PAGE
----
How you eat is as important as what you eat

Why being mindful is super important to your health and your waistline

“What? You mean I don’t even have to change what I eat; I can just change how I eat, and I’ll lose weight?”

Hold your horses there, overzealous person who doesn’t want to change their diet for fear of leaving their comfort zone…

Now of course learning “how” to eat properly can make a huge difference to your health, but without changing anything about the food quality you’re leaving a lot up to chance with regards your health and body composition. 

Now we’ve got that exclaimer out of the way, what am I talking about with regards to the importance of the “how” over the “what?” Let’s go back a few millennia to see what we’re dealing with here. 

Now as Man was separating from Ape into its own species (Homo Sapiens) we were very adept at being hunter gatherers. We developed traps and weapons to be able to track and capture animals, whilst foraging vegetation along the way to keep us topped up. The only issue with that was unlike a Tesco’s local you can’t just pop in and grab your bits when you’ve got nothing in the fridge. So, our incredible bodies developed a system whereby we stored excess calories for later (in the form of bodyfat) and we had hormonal signals built into us, to tell us when we were hungry and when we were full. A great warning system reminding us to eat otherwise we’d die, thanks body.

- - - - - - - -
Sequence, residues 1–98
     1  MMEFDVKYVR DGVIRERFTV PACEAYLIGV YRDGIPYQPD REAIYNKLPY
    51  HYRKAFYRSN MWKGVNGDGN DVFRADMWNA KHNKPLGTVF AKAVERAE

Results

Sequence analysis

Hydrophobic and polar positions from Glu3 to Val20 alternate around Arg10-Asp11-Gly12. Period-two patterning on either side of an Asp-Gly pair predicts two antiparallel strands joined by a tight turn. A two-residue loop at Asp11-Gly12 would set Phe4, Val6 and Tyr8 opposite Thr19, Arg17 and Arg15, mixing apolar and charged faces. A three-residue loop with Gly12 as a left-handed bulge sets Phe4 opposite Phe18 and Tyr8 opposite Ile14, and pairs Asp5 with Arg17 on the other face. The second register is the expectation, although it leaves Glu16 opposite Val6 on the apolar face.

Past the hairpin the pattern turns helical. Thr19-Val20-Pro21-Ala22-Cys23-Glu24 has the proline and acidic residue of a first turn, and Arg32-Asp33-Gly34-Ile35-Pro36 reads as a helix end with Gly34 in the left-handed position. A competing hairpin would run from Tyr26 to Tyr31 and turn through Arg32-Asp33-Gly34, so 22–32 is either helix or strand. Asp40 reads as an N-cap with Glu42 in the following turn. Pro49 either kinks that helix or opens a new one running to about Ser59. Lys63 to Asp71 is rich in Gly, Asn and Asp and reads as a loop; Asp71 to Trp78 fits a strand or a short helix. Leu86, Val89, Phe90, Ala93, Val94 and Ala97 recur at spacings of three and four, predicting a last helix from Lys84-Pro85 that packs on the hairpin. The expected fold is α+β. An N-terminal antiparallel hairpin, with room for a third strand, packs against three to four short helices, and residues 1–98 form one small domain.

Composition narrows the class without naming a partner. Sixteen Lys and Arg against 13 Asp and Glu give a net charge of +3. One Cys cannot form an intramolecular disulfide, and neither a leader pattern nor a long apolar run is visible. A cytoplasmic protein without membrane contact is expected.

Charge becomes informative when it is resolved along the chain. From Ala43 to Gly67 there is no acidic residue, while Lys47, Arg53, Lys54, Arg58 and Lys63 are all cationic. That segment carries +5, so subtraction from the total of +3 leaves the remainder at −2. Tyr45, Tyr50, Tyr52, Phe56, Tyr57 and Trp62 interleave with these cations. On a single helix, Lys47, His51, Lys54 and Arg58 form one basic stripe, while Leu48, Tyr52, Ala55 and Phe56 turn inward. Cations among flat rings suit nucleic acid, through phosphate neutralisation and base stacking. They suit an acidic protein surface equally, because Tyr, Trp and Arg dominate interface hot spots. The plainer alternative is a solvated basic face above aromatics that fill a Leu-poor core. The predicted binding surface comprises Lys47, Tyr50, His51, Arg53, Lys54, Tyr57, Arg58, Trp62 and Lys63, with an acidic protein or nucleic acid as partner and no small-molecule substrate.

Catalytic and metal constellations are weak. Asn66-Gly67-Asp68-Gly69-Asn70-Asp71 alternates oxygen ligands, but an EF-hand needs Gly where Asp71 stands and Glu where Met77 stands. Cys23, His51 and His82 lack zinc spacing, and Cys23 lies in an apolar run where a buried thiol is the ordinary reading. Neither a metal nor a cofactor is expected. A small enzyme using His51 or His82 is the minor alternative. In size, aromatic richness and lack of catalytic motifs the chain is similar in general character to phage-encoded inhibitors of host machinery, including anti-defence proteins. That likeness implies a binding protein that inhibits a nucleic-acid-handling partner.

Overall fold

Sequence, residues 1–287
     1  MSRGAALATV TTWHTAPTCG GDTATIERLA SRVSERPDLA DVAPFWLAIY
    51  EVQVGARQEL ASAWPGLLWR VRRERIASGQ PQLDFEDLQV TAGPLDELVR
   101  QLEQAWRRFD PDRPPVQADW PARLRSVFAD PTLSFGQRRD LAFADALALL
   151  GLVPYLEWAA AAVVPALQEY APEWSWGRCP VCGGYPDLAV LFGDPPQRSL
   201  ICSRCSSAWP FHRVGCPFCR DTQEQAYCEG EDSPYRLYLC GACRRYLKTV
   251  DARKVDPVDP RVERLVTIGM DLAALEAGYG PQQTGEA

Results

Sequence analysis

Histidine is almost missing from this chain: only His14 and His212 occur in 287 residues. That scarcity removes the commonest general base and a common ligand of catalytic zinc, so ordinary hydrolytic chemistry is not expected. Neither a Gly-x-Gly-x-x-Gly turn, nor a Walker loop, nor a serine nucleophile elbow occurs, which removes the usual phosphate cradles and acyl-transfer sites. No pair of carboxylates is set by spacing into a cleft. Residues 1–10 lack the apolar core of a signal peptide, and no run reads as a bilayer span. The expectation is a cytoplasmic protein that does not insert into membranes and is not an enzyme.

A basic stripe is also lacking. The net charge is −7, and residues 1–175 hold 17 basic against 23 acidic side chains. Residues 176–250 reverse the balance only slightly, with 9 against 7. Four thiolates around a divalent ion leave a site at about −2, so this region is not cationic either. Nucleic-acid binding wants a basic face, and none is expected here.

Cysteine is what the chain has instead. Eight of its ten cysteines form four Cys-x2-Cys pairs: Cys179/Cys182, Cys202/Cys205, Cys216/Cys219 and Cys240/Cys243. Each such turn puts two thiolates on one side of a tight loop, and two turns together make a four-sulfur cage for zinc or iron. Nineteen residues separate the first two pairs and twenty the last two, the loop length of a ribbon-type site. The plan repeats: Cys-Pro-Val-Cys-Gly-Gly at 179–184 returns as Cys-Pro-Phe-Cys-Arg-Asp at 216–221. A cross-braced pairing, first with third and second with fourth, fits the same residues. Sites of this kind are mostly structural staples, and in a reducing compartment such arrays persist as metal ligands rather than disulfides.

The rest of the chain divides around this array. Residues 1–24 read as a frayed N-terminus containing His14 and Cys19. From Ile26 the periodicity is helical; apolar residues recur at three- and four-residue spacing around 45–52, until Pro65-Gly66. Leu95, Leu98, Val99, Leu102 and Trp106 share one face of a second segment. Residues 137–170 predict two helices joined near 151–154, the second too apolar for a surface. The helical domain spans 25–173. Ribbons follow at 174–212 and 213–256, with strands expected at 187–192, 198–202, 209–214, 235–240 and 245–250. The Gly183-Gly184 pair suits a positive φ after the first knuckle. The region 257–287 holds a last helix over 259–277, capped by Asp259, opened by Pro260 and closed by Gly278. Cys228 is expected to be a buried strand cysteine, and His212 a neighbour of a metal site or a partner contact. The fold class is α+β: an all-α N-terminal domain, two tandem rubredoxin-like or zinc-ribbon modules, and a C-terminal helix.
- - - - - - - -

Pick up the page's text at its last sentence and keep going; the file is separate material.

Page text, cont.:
Fast Forward to the 21st century and food (in the west) has never been more readily available. I mean by only using your thumb you could order up over 2000 kcals of pizza to your door in 20 minutes. What a world we live in. However, this has led to one big problem. Our ever-expanding waistlines. Part of the problem for some is that the foods current available are highly processed, highly palatable and require little to no effort to consume or digest. This basically bypasses our built-in fullness signals that tell us to stop eating when we’re full. Plus, all the distractions these days it’s a wonder we get anything done. It’s common place now for whole family’s to not even talk to each other whilst out at dinner because they’re all plugged into the matrix (usually via an iPad) and their minds are elsewhere. 

Something we have lost is the ability to be present. Living in the moment. With constant bombardment about the world ending and an ever-present anxiety about stupid things we’ve done in the past, it’s no wonder we’re failing when it comes to how we eat. Apart from your parents making airplane noises and you having to sit down at school, no one has probably told you how to eat for most of your adult life. Until now! 

There are some really simple steps that you can take to improve how you eat, our list is below:

  1. Eat Slowly
  2. Chew your food
  3. Eat without distractions
  4. Eat until you’re 80% full
  5. Eat as a family

Now my advice to improving how you eat is not some new age hippie malarky, it’s all backed by science. But let’s take each point and explain why it’s so important and how it can make a big difference to your waistline without having to track your calories. 

Eat Slowly